An uninvited visitor at an aquarium almost wiped out the entire crab population. Find out how it snuck in
The aquarists at the Monterey Bay Aquarium noticed that less and less of their crabs in the Shale reef exhibit came out to eat during feeding times. Only once a red octopus, the size of a fist, crawled out of the shale reef onto the aquarium floor, did they realize why.
"We'd noticed that there weren't as many crabs coming out at feeding time in that exhibit. Now we realize that's where they'd all been going — into the octopus's tummy!" Exclaimed Barbara Utter, the senior aquarist.
The octopus managed to get entry to the aquarium on a rock or a sponge when it was still a baby. A baby red octopus is about the size of a fingernail, which explains why the little critter could hide out so successfully.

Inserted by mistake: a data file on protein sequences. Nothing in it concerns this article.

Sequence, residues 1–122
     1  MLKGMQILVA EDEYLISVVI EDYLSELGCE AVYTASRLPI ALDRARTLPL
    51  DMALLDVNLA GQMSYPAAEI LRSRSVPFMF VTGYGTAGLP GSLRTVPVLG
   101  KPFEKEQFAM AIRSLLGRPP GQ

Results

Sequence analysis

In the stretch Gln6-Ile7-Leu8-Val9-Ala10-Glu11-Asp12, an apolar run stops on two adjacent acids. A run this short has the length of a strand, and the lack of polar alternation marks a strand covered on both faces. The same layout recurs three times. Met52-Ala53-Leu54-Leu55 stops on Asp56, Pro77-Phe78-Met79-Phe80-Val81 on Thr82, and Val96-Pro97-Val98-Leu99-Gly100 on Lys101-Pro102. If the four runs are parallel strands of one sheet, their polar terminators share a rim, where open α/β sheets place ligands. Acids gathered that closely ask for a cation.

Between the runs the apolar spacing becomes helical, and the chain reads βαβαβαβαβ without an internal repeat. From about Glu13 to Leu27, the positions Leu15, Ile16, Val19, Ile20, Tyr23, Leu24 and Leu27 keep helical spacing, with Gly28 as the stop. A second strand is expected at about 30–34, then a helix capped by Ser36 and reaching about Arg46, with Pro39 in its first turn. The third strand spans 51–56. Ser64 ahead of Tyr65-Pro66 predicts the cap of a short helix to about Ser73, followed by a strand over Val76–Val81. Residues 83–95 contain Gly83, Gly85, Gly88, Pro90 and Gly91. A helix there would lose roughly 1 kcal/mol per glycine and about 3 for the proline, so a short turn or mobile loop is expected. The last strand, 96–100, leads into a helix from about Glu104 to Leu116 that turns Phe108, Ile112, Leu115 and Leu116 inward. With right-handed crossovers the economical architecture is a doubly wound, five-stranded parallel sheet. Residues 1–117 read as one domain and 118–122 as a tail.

It spent it's time snacking away on the legitimate residents of the aquarium—the crabs. It was obviously living well, and managed to put on the bulk that made it's presence known to the aquarists.
Seeing that there is no 'undersea law' that can be enforced on the octopus for munching on the aquarium crabs, it is being prepped to live a life of captivity as a legitimate member of the aquarium's Splash Zone.